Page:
In any case, since we did just survive a move with kids, and one that had us packing up after having lived in the same home for nearly a decade, I have a few tips to share for those of you
1. Put a sign up somewhere prominent that says, in very large, clear letters, "IF YOU DON'T KNOW WHERE IT IS, IT IS PACKED." Below that, in smaller lettering, you might include, "Why? Because we are moving." Then you can direct every question about where some particular item is to the sign, saving you at least some wear and tear on your vocal chords. Somehow, despite the fact that your house is full of moving boxes, half the furniture is cleared out, and you've read every picture book ever written about moving to your kids, they will still ask, at least 800 times a day, if you know where to find their blue truck or white teddy bear or Lego instructions to make the Hobbit Warg Attack set. Instead of allowing yourself to become exasperated with answering the same question multiple times a day, simply point to the sign. And if you have children who don't read yet, you can accomplish the same thing with some cute clip art pictures. I'm filing this one under "do this next time," because I didn't think of it until it was too late, and found myself rather frustrated with the results.
2. Bring your sign to the new house and post it prominently (and perhaps make two) because questions about where particular items are will undoubtedly begin 10 seconds after you walk in the door, even while people are still hauling boxes and furniture into your new house, the whole place is in chaos and nothing is even remotely close to being put away.
3. This one might sound crazy, but if you have a day of work to be done (such as, cleaning your old house from top to bottom) and your kids are going to be with you, a new Lego set can buy you a few hours uninterrupted work time. Yes, I realize giving your kids something with 8 billion little parts during a time you are trying to pack and move and clean sounds crazy. But, at least for my kids, a new Lego set means hours (not minutes, as with so many toys) of occupied time. There is the initial build time, and then lots of time playing with it afterwards. If the thought of breaking out a new Lego set during a move makes you question my sanity, the principle applies to a lot of toys - the novelty of something new and interesting can give you some much needed packing/working/cleaning time.
4. When you can, enlist the kids' help. My kids did great with things like spraying weeds in the patio cracks with homemade weed killer (vinegar, salt and dish soap, thankyouverymuch Pinterest), and wiping walls with those magic erasers. Seriously, magic erasers are not only magic because they work pretty well in getting walls clean, but magic because the kids think they are super fun to use. You can go behind them and clean up the streaky parts later.
5. Ella had a lot of concerns about what we'd be taking to the new house. It was helpful, and reassuring, to walk around and point out the things we were bringing with us. It was a little bit tedious, as she needed to point out every last small thing she could find and ask, "Are we taking THIS to the new house?" But indulging a little child's curiosity and helping ease her anxiety was time well spent. Yes, we are taking the pink kitty. No, we aren't taking the closet door. Yes, we are taking the box of baby doll clothes. No, we aren't taking the toilet.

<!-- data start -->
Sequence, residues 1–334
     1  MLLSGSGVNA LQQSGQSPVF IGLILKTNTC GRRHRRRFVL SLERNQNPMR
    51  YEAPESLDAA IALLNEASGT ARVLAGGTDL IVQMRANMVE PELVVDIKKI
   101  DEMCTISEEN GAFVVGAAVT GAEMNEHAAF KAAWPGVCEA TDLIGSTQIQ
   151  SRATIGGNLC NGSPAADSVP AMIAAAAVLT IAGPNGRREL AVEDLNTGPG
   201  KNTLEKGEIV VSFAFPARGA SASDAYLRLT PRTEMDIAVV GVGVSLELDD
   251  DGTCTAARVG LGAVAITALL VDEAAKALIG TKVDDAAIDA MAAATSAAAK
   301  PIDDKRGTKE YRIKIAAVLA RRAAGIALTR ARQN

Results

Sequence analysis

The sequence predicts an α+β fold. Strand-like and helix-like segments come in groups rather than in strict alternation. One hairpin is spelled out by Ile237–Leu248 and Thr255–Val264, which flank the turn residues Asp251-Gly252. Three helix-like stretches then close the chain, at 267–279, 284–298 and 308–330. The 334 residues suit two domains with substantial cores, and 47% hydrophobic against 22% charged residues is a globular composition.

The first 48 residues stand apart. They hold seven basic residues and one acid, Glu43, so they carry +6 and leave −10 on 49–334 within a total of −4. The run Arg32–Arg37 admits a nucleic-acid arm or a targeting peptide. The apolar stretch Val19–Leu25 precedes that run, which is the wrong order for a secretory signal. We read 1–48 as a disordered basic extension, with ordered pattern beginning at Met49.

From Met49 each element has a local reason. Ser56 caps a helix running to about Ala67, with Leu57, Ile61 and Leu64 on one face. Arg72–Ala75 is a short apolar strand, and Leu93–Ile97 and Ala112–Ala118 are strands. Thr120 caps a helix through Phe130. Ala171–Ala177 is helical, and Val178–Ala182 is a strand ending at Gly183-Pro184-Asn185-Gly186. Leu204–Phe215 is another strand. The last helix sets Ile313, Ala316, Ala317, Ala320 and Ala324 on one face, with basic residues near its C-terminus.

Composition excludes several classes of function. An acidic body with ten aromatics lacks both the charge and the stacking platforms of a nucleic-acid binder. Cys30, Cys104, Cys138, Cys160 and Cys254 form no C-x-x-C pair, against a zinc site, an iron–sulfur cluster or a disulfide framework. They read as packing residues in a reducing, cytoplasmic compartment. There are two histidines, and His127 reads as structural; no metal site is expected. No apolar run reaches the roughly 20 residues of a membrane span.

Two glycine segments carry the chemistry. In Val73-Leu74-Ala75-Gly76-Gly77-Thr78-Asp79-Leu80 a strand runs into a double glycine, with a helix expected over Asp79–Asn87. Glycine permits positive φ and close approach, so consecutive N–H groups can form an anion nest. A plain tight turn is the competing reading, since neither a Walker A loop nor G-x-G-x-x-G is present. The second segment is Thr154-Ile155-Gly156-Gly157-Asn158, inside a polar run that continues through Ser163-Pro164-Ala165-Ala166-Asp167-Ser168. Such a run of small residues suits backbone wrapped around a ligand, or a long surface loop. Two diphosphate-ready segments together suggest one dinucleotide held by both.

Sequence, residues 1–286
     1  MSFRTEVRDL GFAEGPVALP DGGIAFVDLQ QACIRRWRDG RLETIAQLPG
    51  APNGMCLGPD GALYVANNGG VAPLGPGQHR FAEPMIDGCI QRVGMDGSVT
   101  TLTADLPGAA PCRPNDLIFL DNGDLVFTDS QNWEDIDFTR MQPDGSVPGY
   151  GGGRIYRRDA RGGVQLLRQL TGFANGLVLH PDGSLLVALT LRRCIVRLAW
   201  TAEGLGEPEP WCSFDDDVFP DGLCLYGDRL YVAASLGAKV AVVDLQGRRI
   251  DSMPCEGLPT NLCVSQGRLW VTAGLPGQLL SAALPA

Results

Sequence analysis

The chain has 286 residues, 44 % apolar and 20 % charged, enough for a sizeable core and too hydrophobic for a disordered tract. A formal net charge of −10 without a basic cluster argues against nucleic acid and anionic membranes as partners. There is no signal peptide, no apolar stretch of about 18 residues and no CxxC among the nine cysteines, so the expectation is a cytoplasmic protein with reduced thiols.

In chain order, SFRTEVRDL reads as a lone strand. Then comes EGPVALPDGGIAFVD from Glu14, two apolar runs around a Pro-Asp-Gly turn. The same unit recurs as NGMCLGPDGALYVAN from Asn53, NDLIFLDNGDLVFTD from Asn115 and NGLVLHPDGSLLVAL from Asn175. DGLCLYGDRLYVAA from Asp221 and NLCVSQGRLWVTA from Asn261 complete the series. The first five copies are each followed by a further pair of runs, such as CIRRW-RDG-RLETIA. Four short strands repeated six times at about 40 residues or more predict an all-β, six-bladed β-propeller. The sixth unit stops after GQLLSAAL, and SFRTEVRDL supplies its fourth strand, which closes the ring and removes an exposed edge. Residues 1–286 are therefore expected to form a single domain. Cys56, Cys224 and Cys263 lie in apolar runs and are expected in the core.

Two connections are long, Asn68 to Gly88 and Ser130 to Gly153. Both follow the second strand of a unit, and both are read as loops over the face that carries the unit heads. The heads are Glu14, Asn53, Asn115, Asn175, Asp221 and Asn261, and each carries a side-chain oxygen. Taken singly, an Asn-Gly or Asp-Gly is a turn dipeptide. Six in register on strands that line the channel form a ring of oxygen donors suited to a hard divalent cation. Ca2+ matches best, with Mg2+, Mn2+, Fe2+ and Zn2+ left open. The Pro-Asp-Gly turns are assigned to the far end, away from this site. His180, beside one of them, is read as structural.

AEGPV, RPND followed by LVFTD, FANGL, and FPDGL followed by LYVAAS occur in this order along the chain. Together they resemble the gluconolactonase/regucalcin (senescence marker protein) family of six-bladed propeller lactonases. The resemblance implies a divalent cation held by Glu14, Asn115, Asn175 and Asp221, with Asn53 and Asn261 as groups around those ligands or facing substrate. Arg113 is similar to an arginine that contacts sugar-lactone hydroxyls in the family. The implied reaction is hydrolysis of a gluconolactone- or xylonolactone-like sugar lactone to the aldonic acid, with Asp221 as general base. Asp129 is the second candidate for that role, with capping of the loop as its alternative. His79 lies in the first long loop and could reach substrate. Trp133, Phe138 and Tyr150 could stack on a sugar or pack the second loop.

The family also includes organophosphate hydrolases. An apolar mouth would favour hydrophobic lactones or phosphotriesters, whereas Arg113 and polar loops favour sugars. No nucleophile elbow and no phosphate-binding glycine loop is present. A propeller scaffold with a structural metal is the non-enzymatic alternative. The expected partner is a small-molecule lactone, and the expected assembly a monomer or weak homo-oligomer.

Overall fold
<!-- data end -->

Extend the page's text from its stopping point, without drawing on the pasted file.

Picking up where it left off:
6. Plan ahead for things like where you'll sleep and what clothes you'll wear, during the big moving days. We used Door to Door Moving and Storage, so they put moving pods in our driveway, we filled them, they picked them up and dropped them off at our new house. That whole process definitely does not happen in a day, so we had to be without our stuff for a couple of days. We had to make sure we thought ahead and kept out things like sleeping bags, air mattresses and overnight bags with a couple days' changes of clothes. Otherwise, we would have found ourselves with nowhere to sleep and nothing clean to wear - not a happy prospect when you're no longer a carefree couple with no one to worry about but yourself (ahem... like last time we moved).
7. Lower your standards for a while. My kids have watched an enormous amount of TV and played more levels of Candy Crush and Angry Birds than I want to admit, even to myself. But we have been in survival mode for the last couple of weeks and sometimes the magical screen of flashing light needs to babysit the kids so you can get things done. I don't usually want to rely on massive amounts of screen time, but in the short term, you kind of do what you gotta do and let go of the guilt. It won't last forever and I don't think their brains will melt.
8. Finally, don't forget to pack your sense of humor and ability to breathe deeply. Or should I say, don't pack them so they are easily accessible and not buried in a box in the garage. The past couple of weeks were seriously busy and hectic and stressful and above all, exhausting. We had days on end of packing, loading, moving, cleaning, and then doing it all over again. It was a huge amount of work, but letting myself get snippy with the kids and slipping into "grumpy Mom" certainly wasn't going to help.
And when all else fails, go out for ice cream.